Actuarial Outpost SOA # 147 E(X)= lambda? 1/lambda^-1?
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#1
08-12-2018, 04:20 PM
 yhanc17 SOA Join Date: Jun 2018 Posts: 2
SOA # 147 E(X)= lambda? 1/lambda^-1?

I looked up SOA solution and the Ex=lambda and Variance=lambda^2.

But Wikipedia and the book I bought: Probability for Dummies says Ex of the exponential distribution is lambda^-1 and variance is 1/lambda^-2.

Can someone please tell me which one is right? I don't understand why the one says one thing and the other says the other.

And I searched the forum and everyone is assigning random variable Y to the amount of claim after deductible.

Is additional random variable needed in this question? I just started studying probability and I am not that far in understanding the entire probability theory yet. I am sorry about asking what seems to be a basic for some people.

Thank you.

Last edited by yhanc17; 08-13-2018 at 08:24 AM..
#2
08-12-2018, 04:33 PM
 Michael Mastroianni Member SOA Join Date: Jan 2018 Posts: 35

There are two common ways of parameterizing an exponential:

(1) If you write the pdf in the form $\lambda e^{-\lambda x}$ then the expected value is $\frac{1}{\lambda}$.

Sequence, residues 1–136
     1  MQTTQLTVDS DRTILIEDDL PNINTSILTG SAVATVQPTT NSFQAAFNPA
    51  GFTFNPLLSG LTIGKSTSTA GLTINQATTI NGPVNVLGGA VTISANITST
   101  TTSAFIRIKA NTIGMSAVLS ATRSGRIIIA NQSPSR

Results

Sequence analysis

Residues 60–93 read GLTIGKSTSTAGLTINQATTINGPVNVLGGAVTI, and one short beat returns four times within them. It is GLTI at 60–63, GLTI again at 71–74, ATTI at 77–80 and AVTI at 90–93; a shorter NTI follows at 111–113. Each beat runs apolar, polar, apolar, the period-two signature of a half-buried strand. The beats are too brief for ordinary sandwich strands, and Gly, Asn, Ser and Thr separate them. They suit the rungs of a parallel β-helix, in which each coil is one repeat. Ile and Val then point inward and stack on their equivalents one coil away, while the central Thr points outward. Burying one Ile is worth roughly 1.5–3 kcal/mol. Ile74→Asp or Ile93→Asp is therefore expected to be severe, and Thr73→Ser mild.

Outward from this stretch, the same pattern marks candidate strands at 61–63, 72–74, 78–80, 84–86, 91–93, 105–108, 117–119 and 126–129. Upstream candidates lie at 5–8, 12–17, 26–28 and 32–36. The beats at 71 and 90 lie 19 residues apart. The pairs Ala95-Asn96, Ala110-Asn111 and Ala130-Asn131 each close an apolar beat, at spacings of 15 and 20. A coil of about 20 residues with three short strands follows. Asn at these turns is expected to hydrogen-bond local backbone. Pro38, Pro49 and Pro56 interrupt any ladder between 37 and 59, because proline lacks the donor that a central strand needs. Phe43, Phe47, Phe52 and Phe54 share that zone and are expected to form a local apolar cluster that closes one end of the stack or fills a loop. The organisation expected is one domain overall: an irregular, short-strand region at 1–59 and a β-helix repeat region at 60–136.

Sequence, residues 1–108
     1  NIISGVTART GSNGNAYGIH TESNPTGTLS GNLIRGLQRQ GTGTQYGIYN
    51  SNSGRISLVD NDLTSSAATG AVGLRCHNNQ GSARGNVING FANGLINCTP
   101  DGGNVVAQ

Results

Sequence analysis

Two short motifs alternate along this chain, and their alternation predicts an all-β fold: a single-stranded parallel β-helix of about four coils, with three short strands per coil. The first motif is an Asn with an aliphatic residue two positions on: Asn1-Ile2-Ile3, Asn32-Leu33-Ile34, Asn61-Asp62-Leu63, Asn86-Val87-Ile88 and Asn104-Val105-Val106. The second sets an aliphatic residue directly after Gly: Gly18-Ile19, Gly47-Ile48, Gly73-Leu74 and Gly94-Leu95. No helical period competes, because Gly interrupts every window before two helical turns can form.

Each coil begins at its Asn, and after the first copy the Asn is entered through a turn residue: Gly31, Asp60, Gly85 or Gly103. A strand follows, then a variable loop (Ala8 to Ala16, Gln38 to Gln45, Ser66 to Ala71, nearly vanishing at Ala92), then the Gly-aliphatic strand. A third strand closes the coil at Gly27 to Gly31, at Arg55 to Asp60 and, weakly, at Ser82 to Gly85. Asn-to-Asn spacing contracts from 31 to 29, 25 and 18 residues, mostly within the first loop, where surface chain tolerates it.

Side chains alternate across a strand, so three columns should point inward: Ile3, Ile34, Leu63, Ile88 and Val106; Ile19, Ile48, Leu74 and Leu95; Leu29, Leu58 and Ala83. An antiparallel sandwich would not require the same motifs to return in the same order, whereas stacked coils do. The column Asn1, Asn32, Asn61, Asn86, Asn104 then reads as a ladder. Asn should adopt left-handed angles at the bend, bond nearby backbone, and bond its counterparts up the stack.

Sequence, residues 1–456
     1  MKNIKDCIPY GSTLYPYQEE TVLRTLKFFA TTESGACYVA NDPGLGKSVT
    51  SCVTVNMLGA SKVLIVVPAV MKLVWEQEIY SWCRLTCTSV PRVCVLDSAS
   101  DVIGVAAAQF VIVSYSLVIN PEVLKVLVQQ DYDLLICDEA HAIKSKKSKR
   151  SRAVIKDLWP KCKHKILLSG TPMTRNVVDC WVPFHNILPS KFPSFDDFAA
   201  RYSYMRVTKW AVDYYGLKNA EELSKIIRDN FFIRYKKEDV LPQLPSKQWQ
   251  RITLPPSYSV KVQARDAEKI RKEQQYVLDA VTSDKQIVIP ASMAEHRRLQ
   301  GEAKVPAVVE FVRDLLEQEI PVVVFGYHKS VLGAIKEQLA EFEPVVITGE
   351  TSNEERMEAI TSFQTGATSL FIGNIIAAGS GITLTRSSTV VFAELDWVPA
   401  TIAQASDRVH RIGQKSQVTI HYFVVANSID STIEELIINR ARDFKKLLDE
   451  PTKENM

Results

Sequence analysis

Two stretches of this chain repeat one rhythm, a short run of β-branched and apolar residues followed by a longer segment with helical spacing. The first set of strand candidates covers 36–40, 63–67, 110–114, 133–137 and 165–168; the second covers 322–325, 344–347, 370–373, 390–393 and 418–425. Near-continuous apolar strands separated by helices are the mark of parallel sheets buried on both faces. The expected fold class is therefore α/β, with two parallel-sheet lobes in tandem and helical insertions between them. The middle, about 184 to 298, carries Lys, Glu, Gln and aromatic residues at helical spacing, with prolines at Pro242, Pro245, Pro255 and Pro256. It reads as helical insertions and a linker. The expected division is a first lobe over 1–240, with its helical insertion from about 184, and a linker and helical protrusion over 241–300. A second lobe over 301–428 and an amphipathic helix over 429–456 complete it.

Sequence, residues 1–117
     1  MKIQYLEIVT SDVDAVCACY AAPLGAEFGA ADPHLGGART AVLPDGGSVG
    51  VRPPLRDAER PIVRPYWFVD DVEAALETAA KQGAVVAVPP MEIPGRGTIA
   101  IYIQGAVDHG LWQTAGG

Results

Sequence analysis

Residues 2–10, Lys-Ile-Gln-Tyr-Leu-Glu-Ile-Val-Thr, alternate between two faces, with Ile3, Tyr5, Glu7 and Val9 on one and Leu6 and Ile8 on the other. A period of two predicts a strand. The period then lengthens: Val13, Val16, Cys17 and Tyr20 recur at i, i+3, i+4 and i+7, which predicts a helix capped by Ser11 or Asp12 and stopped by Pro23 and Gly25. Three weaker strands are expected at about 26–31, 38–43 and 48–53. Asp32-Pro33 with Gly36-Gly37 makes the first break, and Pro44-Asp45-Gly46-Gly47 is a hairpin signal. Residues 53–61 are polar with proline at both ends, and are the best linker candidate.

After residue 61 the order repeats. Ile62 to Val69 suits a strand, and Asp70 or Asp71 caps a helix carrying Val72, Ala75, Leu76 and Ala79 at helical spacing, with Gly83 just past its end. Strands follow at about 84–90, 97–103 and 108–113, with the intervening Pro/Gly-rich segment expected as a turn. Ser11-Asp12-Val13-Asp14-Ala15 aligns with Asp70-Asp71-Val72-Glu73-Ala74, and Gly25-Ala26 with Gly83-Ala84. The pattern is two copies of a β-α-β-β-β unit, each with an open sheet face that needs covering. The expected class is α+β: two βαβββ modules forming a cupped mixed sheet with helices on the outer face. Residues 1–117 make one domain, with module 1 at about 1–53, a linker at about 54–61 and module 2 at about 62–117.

(2) If you write the pdf in the form $\frac{1}{\theta}e^{-x/\theta}$ then the expected value is just the parameter $\theta$ which is nice.

It might seem a bit weird to use the first form and call the parameter of the exponential $\lambda$, but the reason is because of its connection to the Poisson with parameter $\lambda$ in the context of a poisson process.

To be precise: If the number of events in any time interval of length $t$ is Poisson with parameter $\lambda t$ and the number of events in disjoint intervals are independent, then the time between any two events is exponential with parameter $\lambda$ as in (1) above. That's the connection.

EDIT: You have misquoted wiki above. The variance of an exponential is always the square of its mean. In (1) they are $\frac{1}{\lambda}$ and $\frac{1}{\lambda^2}$. In (2) they are $\theta$ and $\theta^2$. I hope that helps.
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Last edited by Michael Mastroianni; 08-12-2018 at 05:37 PM..
#3
08-13-2018, 08:26 AM
 yhanc17 SOA Join Date: Jun 2018 Posts: 2

Quote:
 Originally Posted by Michael Mastroianni There are two common ways of parameterizing an exponential: EDIT: You have misquoted wiki above. The variance of an exponential is always the square of its mean. In (1) they are $\frac{1}{\lambda}$ and $\frac{1}{\lambda^2}$. In (2) they are $\theta$ and $\theta^2$. I hope that helps.
Oops, I am sorry. I fixed the 1/lambda^-1 part. And thank you for the clarification. I got it now.